Suitable for all ages, Blennerville Windmill is the largest working windmill in Ireland and the only windmill along Ireland’s Wild Atlantic Way. It was authentically restored to full working order in the 1980s. Visitors can get up close and appreciate the scale and complexity of the windmill machinery and climb to the top to see how flour is made. Blennerville was the main post of emigration from County Kerry during The Great Famine (1845 - 1848) and was, during those years, the home port of the famous emigrant barque “Jeanie Johnson”.
The visitor centre houses a fascinating display on the Jeanie Johnson and Irish emigration. A visit to this unique attraction will include:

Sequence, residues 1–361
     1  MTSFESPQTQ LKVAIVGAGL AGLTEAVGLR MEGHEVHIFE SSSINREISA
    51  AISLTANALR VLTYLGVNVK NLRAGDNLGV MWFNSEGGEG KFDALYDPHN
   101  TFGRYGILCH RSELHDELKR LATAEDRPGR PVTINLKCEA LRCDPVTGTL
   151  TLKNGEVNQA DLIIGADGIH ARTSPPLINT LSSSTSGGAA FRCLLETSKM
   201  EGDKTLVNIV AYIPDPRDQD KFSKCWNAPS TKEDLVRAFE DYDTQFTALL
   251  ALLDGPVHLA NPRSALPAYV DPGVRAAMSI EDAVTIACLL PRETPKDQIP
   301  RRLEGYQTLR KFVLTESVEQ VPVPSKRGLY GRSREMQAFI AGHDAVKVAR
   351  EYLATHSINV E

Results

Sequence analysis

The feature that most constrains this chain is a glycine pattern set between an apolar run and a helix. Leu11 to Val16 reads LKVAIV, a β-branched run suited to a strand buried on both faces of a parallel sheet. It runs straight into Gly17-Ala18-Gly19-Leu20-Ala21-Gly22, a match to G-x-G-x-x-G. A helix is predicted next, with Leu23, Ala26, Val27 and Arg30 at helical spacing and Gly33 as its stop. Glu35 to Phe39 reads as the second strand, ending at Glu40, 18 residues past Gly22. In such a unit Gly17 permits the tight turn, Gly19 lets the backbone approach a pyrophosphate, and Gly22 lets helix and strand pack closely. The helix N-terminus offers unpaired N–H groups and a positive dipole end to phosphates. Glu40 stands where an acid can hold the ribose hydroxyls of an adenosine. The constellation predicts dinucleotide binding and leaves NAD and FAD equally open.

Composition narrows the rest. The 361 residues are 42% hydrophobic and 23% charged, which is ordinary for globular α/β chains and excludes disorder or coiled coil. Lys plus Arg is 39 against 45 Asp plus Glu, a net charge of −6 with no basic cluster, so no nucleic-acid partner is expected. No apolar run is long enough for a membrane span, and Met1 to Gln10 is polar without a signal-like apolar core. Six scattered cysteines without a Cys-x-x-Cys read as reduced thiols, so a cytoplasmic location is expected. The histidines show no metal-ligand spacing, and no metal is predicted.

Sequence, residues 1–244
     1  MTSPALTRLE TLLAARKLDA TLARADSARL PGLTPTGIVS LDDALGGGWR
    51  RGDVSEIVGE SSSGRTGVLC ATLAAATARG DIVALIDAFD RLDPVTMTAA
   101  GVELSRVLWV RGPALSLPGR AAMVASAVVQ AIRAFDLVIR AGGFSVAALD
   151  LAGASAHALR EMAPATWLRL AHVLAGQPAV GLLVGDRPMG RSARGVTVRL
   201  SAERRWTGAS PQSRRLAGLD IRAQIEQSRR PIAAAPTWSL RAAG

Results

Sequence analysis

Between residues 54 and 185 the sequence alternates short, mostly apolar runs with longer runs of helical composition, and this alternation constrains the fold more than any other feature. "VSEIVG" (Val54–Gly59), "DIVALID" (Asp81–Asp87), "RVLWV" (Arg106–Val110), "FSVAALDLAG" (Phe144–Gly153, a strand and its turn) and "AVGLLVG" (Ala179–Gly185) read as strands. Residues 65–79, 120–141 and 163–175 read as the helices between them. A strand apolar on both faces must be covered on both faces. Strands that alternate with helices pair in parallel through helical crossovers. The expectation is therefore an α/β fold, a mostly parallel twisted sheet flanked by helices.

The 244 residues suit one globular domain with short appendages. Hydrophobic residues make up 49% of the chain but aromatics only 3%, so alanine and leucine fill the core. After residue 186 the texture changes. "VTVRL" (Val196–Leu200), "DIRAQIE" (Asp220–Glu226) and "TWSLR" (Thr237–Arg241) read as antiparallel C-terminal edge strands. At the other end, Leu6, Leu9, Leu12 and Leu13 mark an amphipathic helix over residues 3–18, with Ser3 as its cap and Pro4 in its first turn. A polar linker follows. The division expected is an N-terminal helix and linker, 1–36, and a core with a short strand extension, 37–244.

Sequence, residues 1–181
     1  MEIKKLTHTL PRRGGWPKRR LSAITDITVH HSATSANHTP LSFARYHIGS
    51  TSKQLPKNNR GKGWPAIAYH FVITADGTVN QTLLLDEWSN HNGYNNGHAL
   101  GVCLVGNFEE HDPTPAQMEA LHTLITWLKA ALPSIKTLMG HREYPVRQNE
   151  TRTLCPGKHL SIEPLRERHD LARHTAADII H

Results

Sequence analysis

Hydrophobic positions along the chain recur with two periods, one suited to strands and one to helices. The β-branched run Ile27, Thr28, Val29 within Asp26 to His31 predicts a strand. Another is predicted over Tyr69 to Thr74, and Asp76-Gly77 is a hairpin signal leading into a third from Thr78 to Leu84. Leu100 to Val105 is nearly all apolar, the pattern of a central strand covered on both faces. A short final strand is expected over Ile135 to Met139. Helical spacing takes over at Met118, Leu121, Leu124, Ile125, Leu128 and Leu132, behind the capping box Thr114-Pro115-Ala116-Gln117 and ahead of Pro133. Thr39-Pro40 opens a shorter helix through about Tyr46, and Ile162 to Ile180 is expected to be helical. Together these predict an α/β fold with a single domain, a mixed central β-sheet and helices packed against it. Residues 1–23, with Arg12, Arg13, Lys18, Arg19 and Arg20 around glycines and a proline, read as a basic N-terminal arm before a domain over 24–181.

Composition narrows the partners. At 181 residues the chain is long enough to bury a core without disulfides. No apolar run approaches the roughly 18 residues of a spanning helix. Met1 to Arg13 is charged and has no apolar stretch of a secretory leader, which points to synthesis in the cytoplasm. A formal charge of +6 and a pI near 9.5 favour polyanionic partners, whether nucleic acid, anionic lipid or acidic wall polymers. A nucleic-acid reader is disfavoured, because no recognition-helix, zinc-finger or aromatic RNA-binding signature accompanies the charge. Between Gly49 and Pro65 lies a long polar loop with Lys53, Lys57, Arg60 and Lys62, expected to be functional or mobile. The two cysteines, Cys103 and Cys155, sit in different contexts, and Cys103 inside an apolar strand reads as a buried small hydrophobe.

• An audio-visual presentation
• An emigration exhibition
• A guided tour of the windmill, demonstrating how flour is made using the ancient quorn stones which is always a great hit with children
• Time in Kerry’s Model Railway, which is also of interest to the young and the young at heart
• Display of vintage and nostalgic artefacts
• Gift shop
From the visitor centre there are great views of Tralee Bay Nature Reserve. There is a telescope available for a close-up of the many varieties of resident and migratory bird species such as curlew, heron, turnstone, ringed plover, dunlin, redshank, bar-tailed godwit and golden plover pale-bellied brent geese. They feed on eelgrass and green seaweeds on the mudflats and graze in the nearby fields and saltmarshes when this food is scarce.